email a friend iconprinter friendly iconBirds of Paradise
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Fruit and insects abound all year in the forests of New Guinea, the largest tropical island in the world, and natural threats are few. Linked to Australia until about 8,000 years ago, the 1,500-mile-long (2,400 kilometers) island shared much of its neighbor's fauna. Marsupials and birds were plentiful, but placental mammals were entirely absent, meaning no monkeys and squirrels to compete with birds for food, and no cats to prey on them. The result: an avian paradise that today is home to more than 700 species of birds.

Freed of other pressures, birds of paradise began to specialize for sexual competition. Traits that made one bird more attractive than another were passed on and enhanced over time. Known as sexual selection, this process "is to birds of paradise what natural selection is to Darwin's finches—the prime mover," says Scholes. "The usual rules of survival aren't as important here as the rules of successful mating."

The diversity of New Guinea's birdlife also springs from its wealth of habitats, from humid coastal savannas to high-elevation cloud forests. Tangled swamps checker the lowlands, while a spine of rugged mountains, some rising 16,000 feet (5,000 meters), creates a labyrinth of scarp and crag in the remote interior. Shaped by volcanoes, earthquakes, and equatorial rains, the landscape is rife with physical barriers that isolate wildlife populations, allowing them to diverge into new species. (The fractured landscape is also reflected in the diversity of indigenous cultures; more than 750 languages are spoken just in Papua New Guinea, the eastern half of the island.)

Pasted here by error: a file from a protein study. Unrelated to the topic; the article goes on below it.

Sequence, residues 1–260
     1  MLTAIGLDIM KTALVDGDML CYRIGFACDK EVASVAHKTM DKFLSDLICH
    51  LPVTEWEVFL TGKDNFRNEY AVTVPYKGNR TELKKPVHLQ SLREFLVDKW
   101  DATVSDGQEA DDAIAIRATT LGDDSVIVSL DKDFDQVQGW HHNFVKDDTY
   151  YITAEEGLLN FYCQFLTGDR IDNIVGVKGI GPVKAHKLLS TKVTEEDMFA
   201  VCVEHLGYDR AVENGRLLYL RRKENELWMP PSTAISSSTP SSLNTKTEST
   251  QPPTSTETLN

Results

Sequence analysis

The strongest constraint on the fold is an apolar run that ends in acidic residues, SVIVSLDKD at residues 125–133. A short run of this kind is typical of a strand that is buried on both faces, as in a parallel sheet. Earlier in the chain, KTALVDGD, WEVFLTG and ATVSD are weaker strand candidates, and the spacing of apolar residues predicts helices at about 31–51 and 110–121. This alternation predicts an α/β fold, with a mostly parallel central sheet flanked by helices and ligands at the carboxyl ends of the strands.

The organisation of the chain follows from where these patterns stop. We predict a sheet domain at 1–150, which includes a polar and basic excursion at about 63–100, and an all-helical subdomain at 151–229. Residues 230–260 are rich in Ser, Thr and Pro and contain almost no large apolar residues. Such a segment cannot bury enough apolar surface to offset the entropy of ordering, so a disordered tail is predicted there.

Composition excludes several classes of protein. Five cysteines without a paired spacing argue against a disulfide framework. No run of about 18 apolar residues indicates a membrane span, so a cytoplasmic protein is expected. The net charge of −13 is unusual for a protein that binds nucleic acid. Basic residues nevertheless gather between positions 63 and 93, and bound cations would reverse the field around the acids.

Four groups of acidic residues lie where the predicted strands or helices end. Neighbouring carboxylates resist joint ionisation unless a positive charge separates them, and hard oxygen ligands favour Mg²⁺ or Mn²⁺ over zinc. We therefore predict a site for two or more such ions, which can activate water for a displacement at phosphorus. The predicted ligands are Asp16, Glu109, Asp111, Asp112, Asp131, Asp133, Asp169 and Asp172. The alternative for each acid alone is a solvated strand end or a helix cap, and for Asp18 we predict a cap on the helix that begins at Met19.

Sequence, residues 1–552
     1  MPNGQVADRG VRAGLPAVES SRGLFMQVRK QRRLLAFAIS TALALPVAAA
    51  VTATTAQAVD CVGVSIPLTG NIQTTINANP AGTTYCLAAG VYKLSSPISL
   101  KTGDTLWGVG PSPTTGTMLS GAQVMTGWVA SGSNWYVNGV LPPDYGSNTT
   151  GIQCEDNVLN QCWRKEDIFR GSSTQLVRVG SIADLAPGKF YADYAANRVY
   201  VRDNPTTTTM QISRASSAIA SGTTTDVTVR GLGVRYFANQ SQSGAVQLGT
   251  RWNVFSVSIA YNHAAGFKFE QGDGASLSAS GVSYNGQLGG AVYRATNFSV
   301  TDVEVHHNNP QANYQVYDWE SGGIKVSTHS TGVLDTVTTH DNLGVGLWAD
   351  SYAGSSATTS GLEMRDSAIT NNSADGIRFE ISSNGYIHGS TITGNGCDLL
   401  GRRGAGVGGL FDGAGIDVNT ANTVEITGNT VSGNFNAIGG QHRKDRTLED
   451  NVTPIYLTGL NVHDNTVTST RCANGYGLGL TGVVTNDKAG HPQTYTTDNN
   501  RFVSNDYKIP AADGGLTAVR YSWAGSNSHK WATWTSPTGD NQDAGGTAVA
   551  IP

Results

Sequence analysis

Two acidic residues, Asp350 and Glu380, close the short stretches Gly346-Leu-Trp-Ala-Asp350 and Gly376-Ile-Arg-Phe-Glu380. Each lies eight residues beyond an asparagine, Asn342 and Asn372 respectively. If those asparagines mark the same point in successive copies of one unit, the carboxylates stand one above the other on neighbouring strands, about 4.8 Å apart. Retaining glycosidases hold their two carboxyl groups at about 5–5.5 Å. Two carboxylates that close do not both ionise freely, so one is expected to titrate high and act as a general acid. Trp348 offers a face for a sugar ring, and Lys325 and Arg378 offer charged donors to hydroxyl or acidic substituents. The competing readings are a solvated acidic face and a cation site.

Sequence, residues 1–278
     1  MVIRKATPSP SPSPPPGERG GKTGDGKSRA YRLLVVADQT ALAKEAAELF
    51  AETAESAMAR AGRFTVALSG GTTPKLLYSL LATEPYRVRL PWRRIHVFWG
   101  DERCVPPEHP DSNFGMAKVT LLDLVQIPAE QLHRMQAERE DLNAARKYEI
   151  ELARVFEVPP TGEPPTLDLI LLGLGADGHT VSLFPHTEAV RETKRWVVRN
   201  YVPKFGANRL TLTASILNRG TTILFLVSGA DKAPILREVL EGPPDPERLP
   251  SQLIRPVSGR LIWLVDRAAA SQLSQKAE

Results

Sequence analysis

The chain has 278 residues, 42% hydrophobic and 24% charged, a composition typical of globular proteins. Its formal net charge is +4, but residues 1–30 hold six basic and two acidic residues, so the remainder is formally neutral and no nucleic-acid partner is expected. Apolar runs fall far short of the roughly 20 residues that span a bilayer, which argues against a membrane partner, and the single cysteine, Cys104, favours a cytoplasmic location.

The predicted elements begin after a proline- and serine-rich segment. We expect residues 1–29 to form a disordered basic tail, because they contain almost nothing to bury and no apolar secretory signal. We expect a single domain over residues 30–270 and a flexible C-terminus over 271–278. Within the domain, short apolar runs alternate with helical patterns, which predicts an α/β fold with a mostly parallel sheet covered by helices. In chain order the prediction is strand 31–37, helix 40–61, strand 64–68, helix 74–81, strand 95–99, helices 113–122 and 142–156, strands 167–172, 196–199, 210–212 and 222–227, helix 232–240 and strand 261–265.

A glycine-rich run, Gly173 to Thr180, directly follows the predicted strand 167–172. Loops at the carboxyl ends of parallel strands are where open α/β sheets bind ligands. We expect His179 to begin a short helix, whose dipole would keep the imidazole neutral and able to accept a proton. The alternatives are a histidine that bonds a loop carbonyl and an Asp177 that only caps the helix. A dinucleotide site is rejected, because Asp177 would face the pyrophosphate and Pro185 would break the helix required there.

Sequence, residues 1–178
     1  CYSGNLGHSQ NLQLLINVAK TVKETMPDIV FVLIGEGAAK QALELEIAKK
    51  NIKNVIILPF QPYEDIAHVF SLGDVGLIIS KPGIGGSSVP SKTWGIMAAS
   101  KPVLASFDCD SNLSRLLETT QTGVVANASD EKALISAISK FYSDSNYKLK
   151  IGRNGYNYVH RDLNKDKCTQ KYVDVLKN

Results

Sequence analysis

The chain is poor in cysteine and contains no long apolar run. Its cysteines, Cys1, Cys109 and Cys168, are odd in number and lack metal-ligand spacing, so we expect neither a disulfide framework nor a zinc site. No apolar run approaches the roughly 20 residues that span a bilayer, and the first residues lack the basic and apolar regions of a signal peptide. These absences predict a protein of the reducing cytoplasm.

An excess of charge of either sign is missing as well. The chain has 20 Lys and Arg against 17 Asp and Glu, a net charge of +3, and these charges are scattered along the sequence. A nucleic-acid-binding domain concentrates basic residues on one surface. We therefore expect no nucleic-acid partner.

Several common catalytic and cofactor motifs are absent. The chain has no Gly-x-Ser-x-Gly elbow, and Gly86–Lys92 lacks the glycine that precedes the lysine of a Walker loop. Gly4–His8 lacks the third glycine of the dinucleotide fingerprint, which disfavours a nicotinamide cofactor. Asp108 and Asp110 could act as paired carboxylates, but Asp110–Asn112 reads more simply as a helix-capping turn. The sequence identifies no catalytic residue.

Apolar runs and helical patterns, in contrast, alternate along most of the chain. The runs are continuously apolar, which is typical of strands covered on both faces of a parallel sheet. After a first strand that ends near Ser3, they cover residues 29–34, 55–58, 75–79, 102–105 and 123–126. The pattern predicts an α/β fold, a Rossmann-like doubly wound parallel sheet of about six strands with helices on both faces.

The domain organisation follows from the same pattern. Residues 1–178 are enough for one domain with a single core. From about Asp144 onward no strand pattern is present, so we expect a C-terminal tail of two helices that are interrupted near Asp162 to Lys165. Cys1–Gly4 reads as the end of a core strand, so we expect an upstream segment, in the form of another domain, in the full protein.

Much of New Guinea remains wild as ever, its fauna still not fully explored. In December 2005 scientists surveying the Foja Mountains in Indonesia's Papua Province, the western half of the island, came upon the Berlepsch's parotia, a bird of paradise with half a dozen springy feathers on its head. This legendary species was previously known only from a few partial specimens collected more than a century ago.

Farther east, in Papua New Guinea's Crater Mountain reserve, the forest grows dense to the mountain's summit, forming a canopy that blocks all but the thinnest rays of sun. Birdsong rings out in the gloom, a hoot here, a trill there, a melodious whistle, a harmonic tone as when a finger circles the rim of a glass. Drenched by nearly 300 inches (760 centimeters) of rain a year, this highland terrain is forever dripping. The forest floor, composed of layer on layer of organic material, is a wet sponge underfoot. And always, from somewhere below, comes the muted rush of a cold river spiriting away last night's rain.

Trails are rutted and mud-slick, swallowing boots and bruising the ankles of a first-time visitor. But the local women and children, who for a few kina will carry heavy gear and even lead you by the hand, tread lightly on bare feet. Pull out pictures of what you're looking for, and the men will lead you on long, clambering hikes, their machetes swinging to clear a path to where the birds of paradise hold court.

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